Then, one evening during dinner at my Dad's place, he asked me if I wanted to work with him at his store. I could clean the furniture in his three-story antique store and all of the stuff in his apartment at the top of his building. Plenty of work to fill a day with. That was when I saw my in. I knew that if I could show my dad what a hard and dedicated worker I was, that he would love me. He would see me as the shining beacon of a human that I was and shower me with love and attention.
So I worked. Every Saturday, I would clean his store. I would also work his auctions once a month, and the estate sales he did on odd weekends. I worked my ASS off, hoping that he would recognize my dedication to the stuff he cared about. This did result in me seeing my dad more often, which greatly helped, even if it meant I also had to see his new wife, but he didn't really show any more affection than he had previously. In fact, there were times when I suspected he barely knew I was there. But to be fair, there were plenty of times when I actually was barely there.
That is why he kept firing me. Cleaning furniture gets pretty boring after a while, especially if the goal you are working toward achieving is more love. So, I would spend a lot of time sitting in huge, comfortable old rockers. Sometimes I would lie on the wood floors under the old mahogany tables and stare at the amazingly intricate craftmanship of the legs and skirts. On more than one occasion, he caught me, told me I was fired, and sent me home.
A week or two later he would give me another chance. In total, he fired me five times in five years...before he sold his store and moved to Maine. But it didn't stop there.
When I was 21, I moved to Portland, Oregon to live with my older brother, Robert, who said I could live with him until I finished my degree. I did just that, moved away when I graduated, then returned to Portland when I was 26 to go to art school. During this time, I painted his house, inside and out, did yard work for him, house sat for his in-laws, and babysat my nephews. Unfortunately, when the work ran out, so did the reason for connection. I mean, I love my brother, and he loves me, but if he didn't have a reason to call me, like needing help with his house or his kids, he just didn't call. And I didn't call him. We see each other now maybe once every few years.
At 33, I got married. I married a man I was so in love with I felt like I could burst every time I was around him. He was a carpenter. We bought a house and he said he would fix it. But he didn't. In fact, he didn't really do much in that house except build a grow room for his pot and punch and kick holes in the walls when he got angry. Over the course of our relationship, he did less and less, and I did more and more, hoping that at some point he might feel bad, join in and help. Maybe at the very least, be grateful. But I came to a breaking point before that happened when my parents died and I left him. It felt like I had been carrying a two hundred pound man up a mountain. I had to put him down.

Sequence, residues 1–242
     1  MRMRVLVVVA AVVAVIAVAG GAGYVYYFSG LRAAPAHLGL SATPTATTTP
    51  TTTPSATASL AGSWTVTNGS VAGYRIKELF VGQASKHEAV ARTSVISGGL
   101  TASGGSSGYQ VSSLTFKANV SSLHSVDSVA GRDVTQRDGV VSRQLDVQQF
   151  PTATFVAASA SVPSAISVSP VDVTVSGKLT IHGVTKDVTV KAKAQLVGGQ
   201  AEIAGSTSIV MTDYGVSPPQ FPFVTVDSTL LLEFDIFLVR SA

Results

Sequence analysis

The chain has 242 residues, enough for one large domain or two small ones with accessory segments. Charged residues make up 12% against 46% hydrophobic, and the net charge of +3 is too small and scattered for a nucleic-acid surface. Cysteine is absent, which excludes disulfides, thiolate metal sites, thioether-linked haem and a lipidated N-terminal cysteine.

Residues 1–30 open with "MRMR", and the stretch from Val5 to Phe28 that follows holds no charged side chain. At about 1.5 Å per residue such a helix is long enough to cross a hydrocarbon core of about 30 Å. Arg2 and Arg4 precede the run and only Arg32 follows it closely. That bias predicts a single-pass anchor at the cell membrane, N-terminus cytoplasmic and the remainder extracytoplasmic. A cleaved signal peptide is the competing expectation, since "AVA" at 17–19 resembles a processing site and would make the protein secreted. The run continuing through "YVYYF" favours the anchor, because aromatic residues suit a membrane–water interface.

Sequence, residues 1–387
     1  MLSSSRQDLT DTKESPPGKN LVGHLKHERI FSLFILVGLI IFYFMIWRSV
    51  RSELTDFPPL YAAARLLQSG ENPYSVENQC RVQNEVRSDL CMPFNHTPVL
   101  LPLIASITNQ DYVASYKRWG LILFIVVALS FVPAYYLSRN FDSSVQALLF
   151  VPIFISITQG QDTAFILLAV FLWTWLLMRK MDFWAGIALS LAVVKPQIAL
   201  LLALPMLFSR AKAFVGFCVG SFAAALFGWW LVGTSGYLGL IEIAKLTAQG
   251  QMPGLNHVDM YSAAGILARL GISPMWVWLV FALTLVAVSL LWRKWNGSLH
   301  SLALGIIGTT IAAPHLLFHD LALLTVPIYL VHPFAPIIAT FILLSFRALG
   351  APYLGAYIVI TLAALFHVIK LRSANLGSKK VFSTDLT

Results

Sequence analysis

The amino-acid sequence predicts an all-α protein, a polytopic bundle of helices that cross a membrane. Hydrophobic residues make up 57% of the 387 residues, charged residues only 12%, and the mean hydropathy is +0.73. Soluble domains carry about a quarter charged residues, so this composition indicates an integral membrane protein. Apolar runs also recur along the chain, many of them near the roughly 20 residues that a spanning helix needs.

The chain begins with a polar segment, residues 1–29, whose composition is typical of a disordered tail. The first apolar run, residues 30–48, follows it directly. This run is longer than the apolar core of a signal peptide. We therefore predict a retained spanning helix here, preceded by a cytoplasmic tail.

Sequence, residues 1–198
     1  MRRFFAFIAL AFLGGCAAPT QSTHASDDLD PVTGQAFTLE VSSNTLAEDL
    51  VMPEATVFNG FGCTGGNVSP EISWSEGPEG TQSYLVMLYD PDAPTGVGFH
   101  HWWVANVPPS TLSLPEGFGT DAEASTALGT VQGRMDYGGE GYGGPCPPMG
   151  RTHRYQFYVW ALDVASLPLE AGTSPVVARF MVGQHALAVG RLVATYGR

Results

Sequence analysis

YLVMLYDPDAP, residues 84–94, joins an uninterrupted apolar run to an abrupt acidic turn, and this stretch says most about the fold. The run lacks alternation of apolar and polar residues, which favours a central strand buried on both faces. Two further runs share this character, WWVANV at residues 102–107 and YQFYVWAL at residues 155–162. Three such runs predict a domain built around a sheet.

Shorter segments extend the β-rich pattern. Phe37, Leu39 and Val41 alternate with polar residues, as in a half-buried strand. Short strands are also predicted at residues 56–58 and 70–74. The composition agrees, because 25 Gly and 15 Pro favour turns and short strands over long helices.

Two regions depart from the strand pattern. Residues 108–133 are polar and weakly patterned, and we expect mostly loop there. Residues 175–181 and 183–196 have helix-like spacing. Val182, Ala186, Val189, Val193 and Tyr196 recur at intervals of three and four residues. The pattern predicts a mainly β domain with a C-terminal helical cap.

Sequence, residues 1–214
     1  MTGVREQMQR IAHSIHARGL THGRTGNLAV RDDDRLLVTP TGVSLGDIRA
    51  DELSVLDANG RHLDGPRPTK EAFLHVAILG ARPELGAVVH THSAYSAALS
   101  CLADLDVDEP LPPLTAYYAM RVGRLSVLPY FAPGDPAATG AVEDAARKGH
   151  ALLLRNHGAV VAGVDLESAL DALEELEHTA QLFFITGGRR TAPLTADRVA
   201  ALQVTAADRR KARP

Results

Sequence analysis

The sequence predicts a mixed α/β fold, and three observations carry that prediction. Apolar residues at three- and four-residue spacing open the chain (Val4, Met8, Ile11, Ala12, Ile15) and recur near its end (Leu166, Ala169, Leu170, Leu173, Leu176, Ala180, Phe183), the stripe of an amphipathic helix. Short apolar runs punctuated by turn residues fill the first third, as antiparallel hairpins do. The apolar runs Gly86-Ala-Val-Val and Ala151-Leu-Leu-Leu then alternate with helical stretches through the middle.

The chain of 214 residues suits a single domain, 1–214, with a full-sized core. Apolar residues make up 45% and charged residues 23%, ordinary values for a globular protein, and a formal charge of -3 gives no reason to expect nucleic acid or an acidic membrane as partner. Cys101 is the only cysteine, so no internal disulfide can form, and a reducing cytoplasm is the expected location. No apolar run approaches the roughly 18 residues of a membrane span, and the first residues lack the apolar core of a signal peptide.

Recently, I have been helping my fella's mom with his dad and with stuff around her house. This last summer I spent a lot of time there, helping her with some heavy lifting as well as teaching art when I could get the gigs. I love his mom. She is hilarious, stylish, and an incredibly nurturing individual. But just today, I was able to look back and see this pattern I have created of trying to earn the love of the people around me. What triggered this realization? I think it started a few days ago, when my boyfriend was telling me how amazed he is at all the work I do around his house, and then he asked, looking at me intently, with his hands on my shoulders, "you know I would love you even if you didn't do any of this stuff don't you?" I don't really remember what I answered, but it was something along the lines of, "of course I do!"
I get it now, what I have been doing. What I have been thinking! How I have treated myself. How I have treated the people who love me! All of the ways I have been wrong. I was wrong about being unlovable, wrong about feeling like I had to earn the love of the people around me, wrong for creating relationships based on my physical labor, and wrong for feeling resentful when the work (and the connection) ended.
I put myself in a position of being less than, and in so doing, proving to myself over and over again that I am unlovable.
It is interesting how simultaneously painful and wonderful these realizations can be. I know I must stop this, this self-fulfilling prophecy behavior. I can't afford to build anymore relationships based on my physical labor, I am not strong enough, physically or emotionally, and I have a suspicion that relationships built on other kinds of connection, like love, trust, and respect might just be more gratifying.
Weirdly, I am not sure how. I mean...I have always believed that I had to work for love. I have worked my ass off for love, and now, I am just supposed to trust that people will love me just for being me? It seems like a huge leap of faith to me. It seems like a lot to just go cold turkey.
I mean...if I am not intently straining towards love, how can I be sure that it will come to me?
I can't, in fact, I can't be sure of anything, except that I have to stop treating myself as if I am unworthy of the love I say that I believe in.